I'm very excited today to introduce you to a lovely author, Elysa Hendricks and her sweet fur baby. Elysa is sharing a short story she wrote about meeting Kyle.
HOME FOR CHRISTMAS
Christmas Eve my life changed.
The day started out about the same as the rest of the days during the last month.
Harsh fluorescent lights sputtered reluctantly to life; revealing stark cinder block walls, bare cement floors and steel bars. Plaintive cries echoed down long, empty halls. The acrid smell of urine mingled unpleasantly with the strong odor of pine disinfectant. My bones protested as I stretched out the kinks caused by sleeping on the hard metal ledge provided in place of a proper bed.
As far as prisons go, this one wasn't as bad as some and it was better than most: warm and dry, with three square, if bland meals a day. After spending most of the month of December on the streets of Chicago, my toes a mere half-degree away from frostbite, I almost jumped into the officer's wagon.
Almost. Life on the inside can be iffy. Two others, who came in with me that day hadn't been seen since.
Shortly after lunch, the cellblock door opened. I heard a brief snatch of the song I’ll Be Home For Christmas before the door clanged shut again. It had been a long time since I’d had a home, for Christmas or otherwise. Two strangers, a middle-aged woman and a teen-aged boy, walked into the room. In every cell the inmates sat up. They crowded against the bars, each crying his own sad song. One by one, the people checked them out.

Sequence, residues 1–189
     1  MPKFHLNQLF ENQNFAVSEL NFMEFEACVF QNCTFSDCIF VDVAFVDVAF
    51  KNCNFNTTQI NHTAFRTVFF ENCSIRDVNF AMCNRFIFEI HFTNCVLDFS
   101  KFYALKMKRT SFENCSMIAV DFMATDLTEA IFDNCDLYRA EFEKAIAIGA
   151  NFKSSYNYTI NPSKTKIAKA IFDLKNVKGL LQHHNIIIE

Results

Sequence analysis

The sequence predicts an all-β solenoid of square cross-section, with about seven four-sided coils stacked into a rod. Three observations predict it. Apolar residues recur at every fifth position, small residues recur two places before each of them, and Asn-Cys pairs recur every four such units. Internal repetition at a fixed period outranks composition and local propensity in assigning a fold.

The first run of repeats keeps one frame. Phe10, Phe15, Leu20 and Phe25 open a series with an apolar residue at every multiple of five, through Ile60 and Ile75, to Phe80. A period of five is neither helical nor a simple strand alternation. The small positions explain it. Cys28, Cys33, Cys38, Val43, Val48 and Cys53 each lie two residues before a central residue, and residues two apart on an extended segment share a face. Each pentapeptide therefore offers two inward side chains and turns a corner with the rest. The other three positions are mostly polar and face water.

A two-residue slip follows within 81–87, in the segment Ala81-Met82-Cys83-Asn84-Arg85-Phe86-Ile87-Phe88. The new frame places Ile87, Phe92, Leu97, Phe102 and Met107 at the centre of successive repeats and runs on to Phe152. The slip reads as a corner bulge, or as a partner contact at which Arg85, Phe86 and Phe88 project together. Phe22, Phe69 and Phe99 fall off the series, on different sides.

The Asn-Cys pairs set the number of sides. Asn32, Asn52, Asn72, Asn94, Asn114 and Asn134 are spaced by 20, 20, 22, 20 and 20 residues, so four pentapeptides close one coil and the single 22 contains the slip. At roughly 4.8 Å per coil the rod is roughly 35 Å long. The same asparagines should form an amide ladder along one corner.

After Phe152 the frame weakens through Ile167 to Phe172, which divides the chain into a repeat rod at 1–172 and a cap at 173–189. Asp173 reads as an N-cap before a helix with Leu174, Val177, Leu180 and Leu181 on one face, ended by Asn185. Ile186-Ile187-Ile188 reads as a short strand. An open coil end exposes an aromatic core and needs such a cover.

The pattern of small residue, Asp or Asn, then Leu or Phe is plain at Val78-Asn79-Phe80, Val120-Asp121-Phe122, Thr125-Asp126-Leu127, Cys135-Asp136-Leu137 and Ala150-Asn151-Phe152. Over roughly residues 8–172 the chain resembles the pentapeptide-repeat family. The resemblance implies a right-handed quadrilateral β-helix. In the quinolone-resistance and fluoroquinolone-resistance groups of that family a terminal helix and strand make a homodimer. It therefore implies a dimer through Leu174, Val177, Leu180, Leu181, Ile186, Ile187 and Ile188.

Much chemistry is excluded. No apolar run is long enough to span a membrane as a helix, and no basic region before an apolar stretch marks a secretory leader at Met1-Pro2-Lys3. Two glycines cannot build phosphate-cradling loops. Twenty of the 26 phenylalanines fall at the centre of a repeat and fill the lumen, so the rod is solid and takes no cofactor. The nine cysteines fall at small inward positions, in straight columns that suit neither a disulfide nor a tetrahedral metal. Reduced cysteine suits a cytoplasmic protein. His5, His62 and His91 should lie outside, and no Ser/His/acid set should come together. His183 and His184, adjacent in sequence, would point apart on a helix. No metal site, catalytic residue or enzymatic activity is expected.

Then they were there. Right in front of me.
This was my chance. Eagerly I arched my back and pressed my nose through the bars. I set my motor going. My whole body thrummed with the effort to be heard above the others, to be noticed. Excitement locked my vocal cords. All that came out was a strangled squeak.
"How 'bout this one?" the woman asked.
The boy peered at me. "He's kind of skinny," he said.
I held my breath. The cell door swung open. His hands gripped me behind my front legs and pulled me against his chest. "You want to come home with me, Kitty?" he asked.
Before he could change his mind I wrapped my paws around his neck and licked his chin. He grinned and nodded at the woman.
I was going home for Christmas.
Thank you Elysa. I wish all people would consider adopting a homeless cat and bringing more love into their life. Elysa's book looks like a heartfelt romance
Race Reed doesn’t want a wife, but to save his ranch he needs a baby. To gain custody of her stepsister, Claire Jensen needs a husband, but she wants love. Wants and needs are bound to clash when they run The Baby Race.
I hope you'll check it out and give it a try:
You should also visit Elysa at her website: http://www.elysahendricks.com